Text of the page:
Satellite surveillance from space has the potential to cause an array of security issues, including defense-related challenges. In a sense, space itself can be weaponized when using imagery that reveals confidential information. For instance, satellite imagery could reveal the location of an Iranian base that is released by the United States government. This can be considered a threatening information attack due to the vulnerability it opens up for other nations. The dilemma is whether or not international governance of these satellites is possible.

The goal, of course, is to push for conflict avoidance. However, the advancement of space militarization technology will certainly change the way that countries, militaries, and key resource hubs such as hospitals, power plants, and factories will prepare for and respond to threats. Emergency preparedness plans for job sites usually include emergency evacuation plans and designated secure shelters for employees. Immediate containment of the emergency is usually also recommended in many crises.

However, if a job site is being attacked from space, traditional methods of finding shelter or working to address the underlying cause of the problem may not be effective, especially if earth-based technologies are being used. For this reason, many countries are looking to establish a presence in space, as doing so may be the best way to mitigate space-based threats.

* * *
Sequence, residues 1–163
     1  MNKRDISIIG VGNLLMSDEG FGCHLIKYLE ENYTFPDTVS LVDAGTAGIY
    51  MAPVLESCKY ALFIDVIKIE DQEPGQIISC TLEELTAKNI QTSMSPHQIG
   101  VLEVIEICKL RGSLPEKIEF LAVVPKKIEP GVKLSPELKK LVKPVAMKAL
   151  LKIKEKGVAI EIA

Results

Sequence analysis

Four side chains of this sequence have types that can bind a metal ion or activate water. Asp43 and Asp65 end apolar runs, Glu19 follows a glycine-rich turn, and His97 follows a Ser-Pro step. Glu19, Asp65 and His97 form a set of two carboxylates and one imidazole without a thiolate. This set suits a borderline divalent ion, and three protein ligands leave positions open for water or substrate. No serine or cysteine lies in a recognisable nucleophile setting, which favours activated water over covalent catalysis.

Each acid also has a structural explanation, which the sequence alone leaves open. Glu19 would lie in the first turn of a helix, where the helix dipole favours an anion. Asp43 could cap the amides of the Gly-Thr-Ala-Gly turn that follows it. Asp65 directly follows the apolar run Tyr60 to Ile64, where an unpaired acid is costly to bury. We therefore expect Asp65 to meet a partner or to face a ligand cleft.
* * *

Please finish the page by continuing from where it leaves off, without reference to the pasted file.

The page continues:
The Race To Return to the Moon and Colonize Mars

Countries have long been vying to be the first to return to the moon or send humans to colonize Mars. The desire to control the moon and Mars could cause significant conflict considering this control would give whomever gains it immense power.

This is partly due to the large amount of resources that are available in the cosmos. Possible new industries in the space economy include lunar and asteroid mining for rare minerals, space-based solar power, and in-space manufacturing. The interest in these new economic sectors has generated millions of dollars in private investments, as individuals and businesses alike look to corner the market in these new economic sectors.

A new space race for resources could cause tensions to run high. This would be a large reason in support of space militarization, due to the intensity of the threat. Although this negates the whole point of peaceful exploration, competition may be inevitable.